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Archive for April 20th, 2015

TACUPDATE – HB 1690 passed 94 to 51 with 15 amendments adopted (3 of these were amendments to amendments) of the 24 offered on April 21.  It was still a bad bill in the end.

Despite Governor Abbott’s call for ethics reform, House Bill 1690 is actually an anti-ethics bill. Rather than restoring public confidence in government, it sets the stage for crony politics and political favoritism, and is another scandal in the making.

Like Senate Bill 10, HB 1690 creates a special legal system with special treatment reserved for Texas elected officials and state employees. This system is designed to stymie criminal investigations and prosecutions.  Prosecuting a corrupt official will require the approval of both the Texas Rangers and a local prosecuting attorney.  This will operate as a political filter and give a green light for cover ups and corruption.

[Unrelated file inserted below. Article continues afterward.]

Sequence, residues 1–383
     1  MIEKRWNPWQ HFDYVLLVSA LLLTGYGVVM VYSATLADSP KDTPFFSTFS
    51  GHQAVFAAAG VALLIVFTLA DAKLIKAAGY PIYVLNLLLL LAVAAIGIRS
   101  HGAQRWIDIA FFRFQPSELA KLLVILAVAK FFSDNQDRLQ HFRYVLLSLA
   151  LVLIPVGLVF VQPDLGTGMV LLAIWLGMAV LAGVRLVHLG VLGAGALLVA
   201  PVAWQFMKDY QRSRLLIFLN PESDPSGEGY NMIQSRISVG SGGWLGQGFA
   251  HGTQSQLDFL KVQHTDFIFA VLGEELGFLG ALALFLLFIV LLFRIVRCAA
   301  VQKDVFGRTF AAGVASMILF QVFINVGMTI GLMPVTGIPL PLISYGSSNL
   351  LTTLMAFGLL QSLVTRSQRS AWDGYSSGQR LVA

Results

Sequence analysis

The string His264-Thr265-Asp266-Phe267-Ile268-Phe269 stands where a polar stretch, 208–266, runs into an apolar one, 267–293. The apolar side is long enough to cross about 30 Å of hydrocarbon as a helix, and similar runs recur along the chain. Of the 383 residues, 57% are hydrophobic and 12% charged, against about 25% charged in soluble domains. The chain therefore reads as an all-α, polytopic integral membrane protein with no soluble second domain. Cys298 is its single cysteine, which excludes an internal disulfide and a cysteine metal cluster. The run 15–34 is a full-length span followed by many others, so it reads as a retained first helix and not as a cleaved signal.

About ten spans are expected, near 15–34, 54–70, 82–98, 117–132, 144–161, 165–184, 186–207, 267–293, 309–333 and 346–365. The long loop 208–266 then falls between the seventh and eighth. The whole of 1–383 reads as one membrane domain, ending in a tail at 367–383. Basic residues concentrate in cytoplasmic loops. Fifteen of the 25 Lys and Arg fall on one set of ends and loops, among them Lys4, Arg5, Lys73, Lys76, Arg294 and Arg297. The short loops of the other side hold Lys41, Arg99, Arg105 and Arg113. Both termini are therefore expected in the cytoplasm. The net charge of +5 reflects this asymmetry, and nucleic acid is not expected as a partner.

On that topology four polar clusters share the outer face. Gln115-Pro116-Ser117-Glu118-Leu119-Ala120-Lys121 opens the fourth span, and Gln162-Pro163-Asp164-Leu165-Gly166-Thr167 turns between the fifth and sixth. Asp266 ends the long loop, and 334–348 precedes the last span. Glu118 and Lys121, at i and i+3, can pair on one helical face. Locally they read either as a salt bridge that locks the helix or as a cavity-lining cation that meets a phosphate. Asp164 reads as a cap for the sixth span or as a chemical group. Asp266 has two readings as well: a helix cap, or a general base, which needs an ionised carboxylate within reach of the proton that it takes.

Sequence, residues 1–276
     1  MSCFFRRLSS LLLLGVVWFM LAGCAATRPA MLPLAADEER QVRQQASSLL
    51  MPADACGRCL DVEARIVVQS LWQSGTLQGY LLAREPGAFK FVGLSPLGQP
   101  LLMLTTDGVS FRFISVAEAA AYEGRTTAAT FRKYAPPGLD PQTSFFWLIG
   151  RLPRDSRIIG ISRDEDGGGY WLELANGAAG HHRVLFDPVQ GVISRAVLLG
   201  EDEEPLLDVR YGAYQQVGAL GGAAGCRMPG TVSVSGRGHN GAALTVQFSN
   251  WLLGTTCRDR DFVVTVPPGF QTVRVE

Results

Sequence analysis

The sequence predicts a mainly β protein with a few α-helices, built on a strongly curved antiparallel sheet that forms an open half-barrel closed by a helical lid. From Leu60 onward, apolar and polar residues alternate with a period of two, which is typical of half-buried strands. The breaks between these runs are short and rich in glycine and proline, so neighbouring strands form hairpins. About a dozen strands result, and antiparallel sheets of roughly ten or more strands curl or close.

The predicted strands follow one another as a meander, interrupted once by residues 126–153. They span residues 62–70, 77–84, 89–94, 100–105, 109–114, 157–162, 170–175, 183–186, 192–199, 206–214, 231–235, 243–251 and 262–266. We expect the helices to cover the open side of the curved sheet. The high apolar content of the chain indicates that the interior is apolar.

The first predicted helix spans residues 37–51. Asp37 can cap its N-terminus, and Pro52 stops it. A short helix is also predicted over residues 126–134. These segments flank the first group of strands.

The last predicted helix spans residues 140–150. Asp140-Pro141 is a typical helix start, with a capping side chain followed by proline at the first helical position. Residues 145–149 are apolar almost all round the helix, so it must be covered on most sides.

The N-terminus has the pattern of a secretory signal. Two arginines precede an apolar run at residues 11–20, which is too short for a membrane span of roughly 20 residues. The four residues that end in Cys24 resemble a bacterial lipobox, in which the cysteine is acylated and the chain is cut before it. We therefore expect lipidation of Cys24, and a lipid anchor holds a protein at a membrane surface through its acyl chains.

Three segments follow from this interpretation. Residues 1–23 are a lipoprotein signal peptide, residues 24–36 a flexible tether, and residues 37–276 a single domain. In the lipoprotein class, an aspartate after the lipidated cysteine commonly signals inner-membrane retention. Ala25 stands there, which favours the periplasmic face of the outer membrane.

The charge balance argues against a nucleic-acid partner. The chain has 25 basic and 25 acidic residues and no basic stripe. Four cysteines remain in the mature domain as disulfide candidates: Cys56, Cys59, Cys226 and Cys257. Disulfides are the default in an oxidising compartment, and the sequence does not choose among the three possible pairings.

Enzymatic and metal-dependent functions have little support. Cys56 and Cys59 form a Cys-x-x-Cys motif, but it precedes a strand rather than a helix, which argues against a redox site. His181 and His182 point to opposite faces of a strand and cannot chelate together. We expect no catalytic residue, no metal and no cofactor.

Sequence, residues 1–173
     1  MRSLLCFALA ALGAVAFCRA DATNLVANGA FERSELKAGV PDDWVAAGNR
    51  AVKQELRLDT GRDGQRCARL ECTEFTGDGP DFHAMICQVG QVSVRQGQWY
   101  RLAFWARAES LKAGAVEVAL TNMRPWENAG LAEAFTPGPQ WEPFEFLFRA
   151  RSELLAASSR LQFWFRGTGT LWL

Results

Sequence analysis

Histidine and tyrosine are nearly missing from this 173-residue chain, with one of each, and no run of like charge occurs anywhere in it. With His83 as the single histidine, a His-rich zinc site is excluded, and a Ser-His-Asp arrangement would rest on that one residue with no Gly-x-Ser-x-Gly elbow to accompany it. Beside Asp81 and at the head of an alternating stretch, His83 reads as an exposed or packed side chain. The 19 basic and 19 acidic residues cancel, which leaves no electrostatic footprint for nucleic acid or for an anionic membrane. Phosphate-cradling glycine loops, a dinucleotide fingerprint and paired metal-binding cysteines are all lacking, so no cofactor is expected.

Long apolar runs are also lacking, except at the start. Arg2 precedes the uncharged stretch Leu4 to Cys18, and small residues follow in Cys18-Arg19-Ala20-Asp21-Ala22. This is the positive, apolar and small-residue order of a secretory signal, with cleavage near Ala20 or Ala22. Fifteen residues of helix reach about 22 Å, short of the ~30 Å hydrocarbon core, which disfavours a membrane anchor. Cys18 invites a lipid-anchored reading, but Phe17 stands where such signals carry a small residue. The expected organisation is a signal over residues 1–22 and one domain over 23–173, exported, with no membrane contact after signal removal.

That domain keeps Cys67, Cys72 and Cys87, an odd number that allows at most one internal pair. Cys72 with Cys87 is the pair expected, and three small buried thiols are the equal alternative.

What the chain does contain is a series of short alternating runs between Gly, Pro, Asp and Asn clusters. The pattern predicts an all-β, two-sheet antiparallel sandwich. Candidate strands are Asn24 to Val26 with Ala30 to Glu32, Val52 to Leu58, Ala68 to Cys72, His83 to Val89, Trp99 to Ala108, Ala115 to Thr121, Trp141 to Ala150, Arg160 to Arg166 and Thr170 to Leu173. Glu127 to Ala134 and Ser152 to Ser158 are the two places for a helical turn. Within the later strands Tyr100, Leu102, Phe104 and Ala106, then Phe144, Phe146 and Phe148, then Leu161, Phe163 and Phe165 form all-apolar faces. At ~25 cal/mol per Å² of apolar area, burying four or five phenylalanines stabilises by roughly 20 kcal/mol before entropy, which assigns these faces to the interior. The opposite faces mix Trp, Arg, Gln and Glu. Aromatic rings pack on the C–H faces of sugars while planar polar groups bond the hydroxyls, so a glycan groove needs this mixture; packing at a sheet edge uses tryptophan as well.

In the vast majority of states, including Texas, public integrity cases—like all criminal cases—are handled by a local prosecutor in the county where the offense occurs. Only one state has the highly unusual and suspect “hometown venue with a hometown prosecutor” provision.

Under HB 1690, no matter where a crime is committed, a politician will be prosecuted by his or her hometown officials – essentially ‘home cookin.’ This raises the legitimate question of whether local prosecutors, judges or even juries could be truly independent when dealing with a prominent local political figure.

Under HB 1690, a politician will be prosecuted by his or her hometown officials— but the funding for these types of cases is inadequate. Half of a million dollars is not enough to prosecute these complex cases, which will require moving evidence and witnesses to the hometown county. Counties will bear the costs.

The current system works. The Travis County Public Integrity Unit has pursued public corruption cases in a non-partisan fashion. Of the 21 elected officials it has prosecuted since 1978, 15 were Democrats and 6 were Republicans. The simplest solution is to fund that entity. Failing that, Texas needs to find the toughest independent prosecutors in the state and put them to work cleaning up corruption at the Capitol.

As we see it, we have three options with this bill which goes before the House shortly for a vote:
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